A faint pulse could be discerned on the final day of this otherwise lifeless match which was meandering gently to an inevitable draw.
Craig Spearman was the man who managed to inject a little adrenalin into the contest by scoring by far its most entertaining innings. Ajit Agarkar's two wickets in five balls did give everyone an early morning jolt, but he only served to raise false hopes.
Spearman's innings was the real tonic. It was a pity the New Zealander had been unable to get going first time around. If he had, this match might have had a more meaningful conclusion.
As it was, with the cushion of a 94-run first innings lead thanks to Ben Hutton's declaration the evening before - a gesture only since there was never going to be enough time for Gloucestershire to set a realistic target - Spearman managed to raise the tempo of what had been a soporific and rain-ruined match.
In his three hours at the crease Spearman entertained with his big hits and huge slices of luck. There was even an element of farce to his innings when, on 57, the Auckland-born batsman skied a ball from Melvyn Betts. Four players - among them the wicketkeeper David Nash, whose catch it should have been, Paul Weekes and the bowler - converged on the estimated dropping zone, which was around backward point.
Weekes yelled for the ball, Nash hesitated, Betts pulled up, Weekes lunged and plunged to the ground and the ball rolled safely out of his grasp. And Spearman had another chunk of luck on 88, when Simon Cook spilled a straightforward chance at deep square-leg. That was off Jamie Dalrymple. The next ball was dispatched over mid-wicket for the second of Spearman's two sixes - his first one, a pick-up into the Tavern Stand, had taken him to his fifty.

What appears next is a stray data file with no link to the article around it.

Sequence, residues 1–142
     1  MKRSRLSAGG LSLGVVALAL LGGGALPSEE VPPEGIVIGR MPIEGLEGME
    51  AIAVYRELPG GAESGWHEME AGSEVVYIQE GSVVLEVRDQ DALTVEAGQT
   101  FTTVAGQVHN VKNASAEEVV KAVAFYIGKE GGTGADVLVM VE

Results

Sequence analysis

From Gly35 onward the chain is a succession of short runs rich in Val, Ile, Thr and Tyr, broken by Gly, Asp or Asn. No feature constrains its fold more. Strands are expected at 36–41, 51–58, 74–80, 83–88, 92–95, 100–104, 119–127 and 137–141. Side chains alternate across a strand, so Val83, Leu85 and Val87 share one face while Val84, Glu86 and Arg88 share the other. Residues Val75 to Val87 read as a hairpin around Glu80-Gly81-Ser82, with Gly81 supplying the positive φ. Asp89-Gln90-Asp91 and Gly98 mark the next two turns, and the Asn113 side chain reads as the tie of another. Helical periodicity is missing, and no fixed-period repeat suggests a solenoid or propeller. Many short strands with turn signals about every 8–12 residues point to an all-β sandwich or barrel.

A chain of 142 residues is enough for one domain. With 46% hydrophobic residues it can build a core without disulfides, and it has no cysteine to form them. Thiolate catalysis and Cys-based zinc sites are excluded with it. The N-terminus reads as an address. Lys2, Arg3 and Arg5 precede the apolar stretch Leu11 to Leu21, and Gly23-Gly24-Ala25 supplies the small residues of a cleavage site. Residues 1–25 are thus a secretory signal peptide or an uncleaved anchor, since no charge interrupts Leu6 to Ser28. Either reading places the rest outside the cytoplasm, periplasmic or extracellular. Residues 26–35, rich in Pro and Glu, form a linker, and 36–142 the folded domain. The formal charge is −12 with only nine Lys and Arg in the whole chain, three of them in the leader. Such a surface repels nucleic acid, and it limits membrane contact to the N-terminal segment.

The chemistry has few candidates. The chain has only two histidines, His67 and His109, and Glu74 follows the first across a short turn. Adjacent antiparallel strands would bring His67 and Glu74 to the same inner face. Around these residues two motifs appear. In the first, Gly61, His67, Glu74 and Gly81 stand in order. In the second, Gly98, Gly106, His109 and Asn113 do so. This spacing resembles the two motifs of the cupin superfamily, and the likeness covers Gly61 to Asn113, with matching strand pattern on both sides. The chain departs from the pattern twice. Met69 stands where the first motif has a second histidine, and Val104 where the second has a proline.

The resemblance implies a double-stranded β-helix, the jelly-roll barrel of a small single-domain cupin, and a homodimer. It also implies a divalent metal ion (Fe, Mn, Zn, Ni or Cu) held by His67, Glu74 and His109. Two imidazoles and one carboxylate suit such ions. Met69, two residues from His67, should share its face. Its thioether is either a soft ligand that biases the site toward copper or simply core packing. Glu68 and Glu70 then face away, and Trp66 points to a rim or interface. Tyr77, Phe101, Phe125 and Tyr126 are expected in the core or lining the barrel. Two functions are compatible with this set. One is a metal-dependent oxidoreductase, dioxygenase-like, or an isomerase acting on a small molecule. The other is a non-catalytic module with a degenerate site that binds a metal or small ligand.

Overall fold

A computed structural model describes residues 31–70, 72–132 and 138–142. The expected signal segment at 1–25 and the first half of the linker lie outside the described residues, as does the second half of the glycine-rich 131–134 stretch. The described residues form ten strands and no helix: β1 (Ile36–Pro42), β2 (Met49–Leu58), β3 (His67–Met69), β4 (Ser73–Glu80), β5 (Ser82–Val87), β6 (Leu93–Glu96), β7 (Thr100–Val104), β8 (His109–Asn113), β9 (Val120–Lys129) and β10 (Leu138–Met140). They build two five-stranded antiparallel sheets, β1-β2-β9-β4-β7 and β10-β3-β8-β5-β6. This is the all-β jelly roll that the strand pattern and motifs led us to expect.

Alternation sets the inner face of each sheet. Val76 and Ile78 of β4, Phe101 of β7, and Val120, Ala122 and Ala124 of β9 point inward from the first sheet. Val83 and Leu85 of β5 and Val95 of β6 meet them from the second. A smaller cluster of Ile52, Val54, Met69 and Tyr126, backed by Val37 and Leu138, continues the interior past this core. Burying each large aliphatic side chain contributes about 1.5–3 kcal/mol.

Sadly for the sparse crowd Spearman fell soon after reaching three figures - his third century of the season and ninth in all for Gloucestershire - having shared in a 170-run stand for the third wicket with Chris Taylor.
Taylor, Gloucestershire's captain, cracked a good-looking, if less dramatic, 91 and was joined by Alex Gidman. The 23-year-old carried on the good work with a breezy half century of his own which in a way outdid Spearman, in that it contained three sixes.
But at the close the only winner was the weather, which had robbed the match of 91 overs in all.Reuse content